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Safety Act Process Painful But Rx Planned

The government has been slow to implement the Safety Act of 2002, intended to grant liability protection to companies providing counterterrorism services and technologies, but that may be changing. Department of Homeland Security Secretary Michael Chertoff, speaking to the U.S. Chamber of Commerce, pledged to review the drawn-out approval process.

And even before Chertoff's remarks, there were some signs of progress. Earlier this year, Wackenhut Corp. received full certification as a seller of a qualified antiterrorism technology or service under the Safety Act, becoming the first guard service company to get that protection.

More recently, FirstLine Transportation Security and Covenant Aviation Security obtained partial protection under the act for their homeland-security-related services. These companies are two of the three private passenger and baggage screening firms in test projects at five U.S. airports.

That brings the total of products and services approved by DHS for coverage to 18 through the end of April, compared to three at the beginning of the year. The coverage applies to 14 organizations. (ASIS is among the organizations that have received Safety Act designations. It obtained the designation for its security guidelines program in late April.)

In Wackenhut’s case, certification for its guard services provides the company full liability protection under the “government contractor defense” in a court of law. It also shields Wackenhut’s customers and its entire supply chain from lawsuits. Wackenhut has also obtained approval for its consulting and risk management practices.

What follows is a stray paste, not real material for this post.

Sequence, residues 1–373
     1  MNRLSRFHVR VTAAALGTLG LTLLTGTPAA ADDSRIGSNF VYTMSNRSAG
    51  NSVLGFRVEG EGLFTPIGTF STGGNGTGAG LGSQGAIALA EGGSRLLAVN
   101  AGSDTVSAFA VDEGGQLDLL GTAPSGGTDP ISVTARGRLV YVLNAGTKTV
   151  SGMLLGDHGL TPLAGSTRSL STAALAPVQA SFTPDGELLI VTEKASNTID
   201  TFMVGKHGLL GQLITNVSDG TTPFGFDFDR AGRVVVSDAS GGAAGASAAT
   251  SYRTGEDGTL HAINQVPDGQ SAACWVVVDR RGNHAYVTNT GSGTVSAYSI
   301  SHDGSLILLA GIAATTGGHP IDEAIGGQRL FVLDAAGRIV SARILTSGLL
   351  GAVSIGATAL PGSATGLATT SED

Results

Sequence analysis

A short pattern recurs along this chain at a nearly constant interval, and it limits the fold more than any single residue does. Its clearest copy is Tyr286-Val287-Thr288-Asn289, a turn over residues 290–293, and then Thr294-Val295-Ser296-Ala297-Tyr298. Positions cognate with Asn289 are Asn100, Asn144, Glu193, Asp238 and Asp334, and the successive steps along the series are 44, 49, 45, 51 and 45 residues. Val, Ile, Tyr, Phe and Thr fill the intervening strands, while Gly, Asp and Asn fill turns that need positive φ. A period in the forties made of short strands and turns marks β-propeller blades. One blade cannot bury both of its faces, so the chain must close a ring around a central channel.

FirstLine Transportation and Covenant did not receive full certification. Both obtained what is called designation-level approval, the lesser type of protection available under the act. That means a cap on third-party liability claims that could be filed in the event of a terrorist attack. In other words, the exposure of each company is limited by its Safety Act protection to the amount of its insurance deductibles. The companies’ customers are similarly protected.

“It’s impossible right now to get certification for screening because TSA has not set up the standards that are required to measure the technology,” says John DeMell, president of FirstLine, which screens passengers and baggage at Kansas City International Airport.

Despite the successes of these companies in obtaining some protection, the principal complaint remains: Safety Act approval is not easy to obtain.

“It was quite a bit of back-and-forth” over a full year before final approval, says Marc Shapiro, Wackenhut’s vice president of strategic partnerships.

Gerry Berry, president of Covenant, says Safety Act protection should be expedited for companies already providing terrorism-related products and services in the war against terrorism. Covenant handles an $80 million annual contract to provide passenger and baggage screening at San Francisco International Airport.

“I see no reason why anybody actually doing the work, like we are, can’t have Safety Act protection,” Berry says, adding that his company endured a long process to get its coverage, beginning in June 2004. It was this bureaucratic pace that Chertoff promised to try to improve, stating: “I know that there have been issues with the application process. We have addressed some of those. We’re looking more comprehensively at what we can do to make the Safety Act program efficient and hospitable.”

By Eric Grasser, assistant editor